The problem is sometimes squeaks and rattles are intermittent and the mechanic thinks he solved it, but it comes back later. That is especially true of rubber bushings such as those on control arms. Simply raising the car on a hoist allows the suspension to hang down and stretch the bushing further than they normally do when you're driving. That can twist the rubber and put pressure on it that hides the noise for a little while. You don't have to be angry that the problem came back, but you do have the right to have it looked at again, and there should be no additional charge for the diagnosis. You paid for the diagnosis already, and it's not your fault if it was wrong.
The shop can legitimately charge you for additional work and parts, but typically they will give you a reduced labor charge or something in the way of an apology for the inconvenience of having to come back for the same thing.
The next thing to keep in mind is that people in every profession make mistakes, and they deserve the chance to correct them. Mechanics are hard enough on themselves already because we all like to think we're perfect, ... Or at least real good at our job. We really appreciate it when a customer is understanding when they have to come back, but there's nothing wrong with being firm either. Shop owners don't get upset with their employees when they have to do a job over, even when it means they aren't available to take care of the next customer. What they DO get upset over is the angry customer who never comes back to complain. That means they're complaining to their friends and co-workers. That's much worse for business than someone having to come back multiple times for the same problem.
Related to multiple visits, sometimes that is necessary, and usually they'll tell you that right away. My record is nine visits before I solved a really elusive electrical problem. Fortunately the car owner was very appreciative and understanding. Some problems act up once or twice per day. Obviously it isn't practical for the mechanic to drive your car around all day just waiting for the problem to occur. Instead, they try the most likely suspect, then let you take the car and determine if it has been solved. The understanding is if the problem is still there, you have to come back, and the mechanic moves on to the next most likely suspect. When that is the case, you don't want to jump to a different shop because they're going to have to start the diagnosis all over again. That means you're paying for someone to repeat what you already paid the first mechanic to do.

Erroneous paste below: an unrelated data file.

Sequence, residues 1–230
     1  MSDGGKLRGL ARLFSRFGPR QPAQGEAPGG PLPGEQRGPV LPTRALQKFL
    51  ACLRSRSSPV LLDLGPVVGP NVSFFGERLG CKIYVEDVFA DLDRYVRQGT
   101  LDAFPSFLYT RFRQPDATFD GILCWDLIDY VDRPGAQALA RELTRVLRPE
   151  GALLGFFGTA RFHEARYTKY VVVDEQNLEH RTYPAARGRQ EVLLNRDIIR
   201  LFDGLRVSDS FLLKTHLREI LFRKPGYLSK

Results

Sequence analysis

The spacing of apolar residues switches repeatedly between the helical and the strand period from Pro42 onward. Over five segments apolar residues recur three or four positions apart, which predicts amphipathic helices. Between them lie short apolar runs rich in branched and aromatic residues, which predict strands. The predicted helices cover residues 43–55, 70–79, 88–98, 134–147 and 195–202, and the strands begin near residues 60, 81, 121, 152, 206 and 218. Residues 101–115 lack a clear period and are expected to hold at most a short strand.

To get back to the original story, you still didn't tell me which part was replaced, so I can't tell you if the car needs to be aligned. Simply removing the wheels and tires, and reinstalling them has no affect on the alignment or steering wheel position. I'm sorry if you interpreted something as "patronizing", by you are the one who said twice now,
"From what I have managed to find out, could this be that the whole thing was not aligned when the wheels were put back on?
I could infer that you meant the wheels were put back on AFTER other parts were replaced, but every time I assume something, I'm wrong. Also, 95 percent of the people who come here for help are car owners who know little about their cars. That's why I have to ask the questions that can seem condescending. That's not the intent, but if I don't ask a lot of very detailed questions, just like a live mechanic standing in front of your car would do, I don't have enough time left in my life to type all the possible causes and cures.